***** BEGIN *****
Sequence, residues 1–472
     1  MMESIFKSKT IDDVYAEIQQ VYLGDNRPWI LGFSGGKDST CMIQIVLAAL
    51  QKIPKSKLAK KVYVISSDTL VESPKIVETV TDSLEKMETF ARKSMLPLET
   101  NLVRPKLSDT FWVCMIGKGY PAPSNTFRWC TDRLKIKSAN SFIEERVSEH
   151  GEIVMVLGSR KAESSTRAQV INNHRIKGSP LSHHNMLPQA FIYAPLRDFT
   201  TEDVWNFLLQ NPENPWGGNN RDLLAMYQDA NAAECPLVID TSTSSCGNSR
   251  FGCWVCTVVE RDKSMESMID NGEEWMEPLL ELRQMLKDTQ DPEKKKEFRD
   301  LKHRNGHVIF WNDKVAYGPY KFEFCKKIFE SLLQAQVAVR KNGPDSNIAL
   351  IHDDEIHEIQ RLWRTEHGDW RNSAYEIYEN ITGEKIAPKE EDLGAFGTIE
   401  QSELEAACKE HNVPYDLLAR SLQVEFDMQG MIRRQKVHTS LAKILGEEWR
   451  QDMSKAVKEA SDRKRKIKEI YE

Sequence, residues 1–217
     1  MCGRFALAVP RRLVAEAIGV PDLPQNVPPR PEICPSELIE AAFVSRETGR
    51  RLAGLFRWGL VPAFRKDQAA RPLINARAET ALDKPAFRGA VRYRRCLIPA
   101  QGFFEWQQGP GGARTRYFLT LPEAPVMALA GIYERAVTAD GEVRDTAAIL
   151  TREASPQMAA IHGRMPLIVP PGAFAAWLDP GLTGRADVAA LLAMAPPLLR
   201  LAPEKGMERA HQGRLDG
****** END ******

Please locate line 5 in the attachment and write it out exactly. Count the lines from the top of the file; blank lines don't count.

   151  GEIVMVLGSR KAESSTRAQV INNHRIKGSP LSHHNMLPQA FIYAPLRDFT